accept as adequate to support a conclusion' backs it
up.” Biestek v. Comm'r of Soc. Sec., 880
F.3d 778, 783 (6th Cir. 2017) (quoting Richardson v.
Perales, 402 U.S. 389, 401 (1971)). In deciding whether
substantial evidence supports the ALJ's decision, the
court does “not try the case de novo, resolve
conflicts in evidence or decide questions of
credibility.” Bass v. McMahon, 499 F.3d 506,
509 (6th Cir. 2007); Rogers, 486 F.3d at 247
(“It is of course for the ALJ, and not the reviewing
court, to evaluate the credibility of witnesses, including
that of the claimant.”); Richardson, 402 U.S.
at 399 (“We therefore are presented with the not
uncommon situation of conflicting medical evidence. The trier
of fact has the duty to resolve that conflict.”).
Furthermore, the claimant “has the ultimate burden to
establish an entitlement to benefits by proving the existence
of a disability.” Moon v. Sullivan, 923 F.2d
1175, 1181 (6th Cir. 1990).
the substantial evidence standard is deferential, it is not
trivial. The Court must “‘take into account
whatever in the record fairly detracts from [the]
weight'” of the Commissioner's decision.
TNS, Inc. v. NLRB, 296 F.3d 384, 395 (6th Cir. 2002)
(quoting Universal Camera Corp. v. NLRB, 340 U.S.
474, 487 (1951)). Nevertheless, “if substantial
evidence supports the ALJ's decision, this Court defers
to that finding ‘even if there is substantial evidence
in the record that would have supported an opposite
conclusion.'” Blakley v. Comm'r of Soc.
Sec., 581 F.3d 399, 406 (6th Cir. 2009) (quoting Key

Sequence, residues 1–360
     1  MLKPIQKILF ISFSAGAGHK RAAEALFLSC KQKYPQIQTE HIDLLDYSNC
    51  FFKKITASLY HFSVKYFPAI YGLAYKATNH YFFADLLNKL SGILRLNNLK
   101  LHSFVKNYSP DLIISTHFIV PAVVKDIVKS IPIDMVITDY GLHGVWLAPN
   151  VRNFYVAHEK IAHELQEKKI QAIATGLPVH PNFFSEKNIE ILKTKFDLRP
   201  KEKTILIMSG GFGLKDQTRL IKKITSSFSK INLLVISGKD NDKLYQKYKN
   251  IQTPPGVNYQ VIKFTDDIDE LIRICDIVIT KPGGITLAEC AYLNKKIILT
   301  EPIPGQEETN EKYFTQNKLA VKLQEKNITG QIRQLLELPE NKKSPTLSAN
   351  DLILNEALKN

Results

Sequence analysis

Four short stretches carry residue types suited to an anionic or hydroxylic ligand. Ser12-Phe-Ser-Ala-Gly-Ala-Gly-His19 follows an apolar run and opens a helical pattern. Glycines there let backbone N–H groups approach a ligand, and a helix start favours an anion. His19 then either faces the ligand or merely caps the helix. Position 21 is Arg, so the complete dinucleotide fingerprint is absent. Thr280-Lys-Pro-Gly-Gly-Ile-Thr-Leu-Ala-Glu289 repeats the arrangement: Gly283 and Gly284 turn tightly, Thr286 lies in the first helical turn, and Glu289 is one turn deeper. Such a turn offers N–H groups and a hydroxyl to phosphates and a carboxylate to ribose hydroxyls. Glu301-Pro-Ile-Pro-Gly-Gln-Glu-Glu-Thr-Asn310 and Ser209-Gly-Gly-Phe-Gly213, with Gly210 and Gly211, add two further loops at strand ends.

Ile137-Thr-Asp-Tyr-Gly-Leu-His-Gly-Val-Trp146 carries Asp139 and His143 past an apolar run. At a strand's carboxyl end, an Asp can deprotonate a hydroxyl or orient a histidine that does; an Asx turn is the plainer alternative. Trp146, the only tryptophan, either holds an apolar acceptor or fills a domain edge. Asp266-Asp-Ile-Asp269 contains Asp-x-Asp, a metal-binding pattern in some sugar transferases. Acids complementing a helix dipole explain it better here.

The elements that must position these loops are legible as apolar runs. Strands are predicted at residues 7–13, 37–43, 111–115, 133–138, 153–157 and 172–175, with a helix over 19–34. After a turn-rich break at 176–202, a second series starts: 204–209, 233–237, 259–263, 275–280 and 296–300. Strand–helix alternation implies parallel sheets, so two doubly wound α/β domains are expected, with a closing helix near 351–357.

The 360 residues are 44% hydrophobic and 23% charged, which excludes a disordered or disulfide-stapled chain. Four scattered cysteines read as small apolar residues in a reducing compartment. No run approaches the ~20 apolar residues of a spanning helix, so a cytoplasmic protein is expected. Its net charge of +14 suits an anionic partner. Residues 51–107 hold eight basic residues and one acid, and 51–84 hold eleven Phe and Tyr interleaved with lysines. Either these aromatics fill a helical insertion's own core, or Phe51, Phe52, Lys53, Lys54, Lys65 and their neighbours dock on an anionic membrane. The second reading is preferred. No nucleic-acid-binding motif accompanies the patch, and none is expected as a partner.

v. Callahan, 109 F.3d 270, 273 (6th Cir. 1997)); see
also 42 U.S.C. § 405(g) (“The findings of the
Commissioner of Social Security as to any fact, if supported
by substantial evidence, shall be conclusive . . . .”);
see also Biestek, 880 F.3d at 783 (“[A]
decision supported by substantial evidence must stand, even
if we might decide the question differently based on the same
evidence.”) (citing Wright-Hines v. Comm'r of
Soc. Sec., 597 F.3d 392, 395 (6th Cir. 2010)). Finally,
even if the ALJ's decision meets the substantial evidence
standard, “‘a decision of the Commissioner will
not be upheld where the SSA fails to follow its own
regulations and where that error prejudices a claimant on the
merits or deprives the claimant of a substantial
right.'” Rabbers, 582 F.3d at 651 (quoting
Bowen v. Comm'r of Soc. Sec., 478 F.3d 742, 746
(6th Cir. 2007)).
motion for judgment on the administrative record, Plaintiff
sets forth five areas in which he asserts the ALJ committed
reversible error. First, he contends that the ALJ erred in
crafting Plaintiff's physical RFC by ignoring relevant
evidence and failing to build an accurate and logical bridge
between evidence and result. (DE 19 at 8-11.) Second, he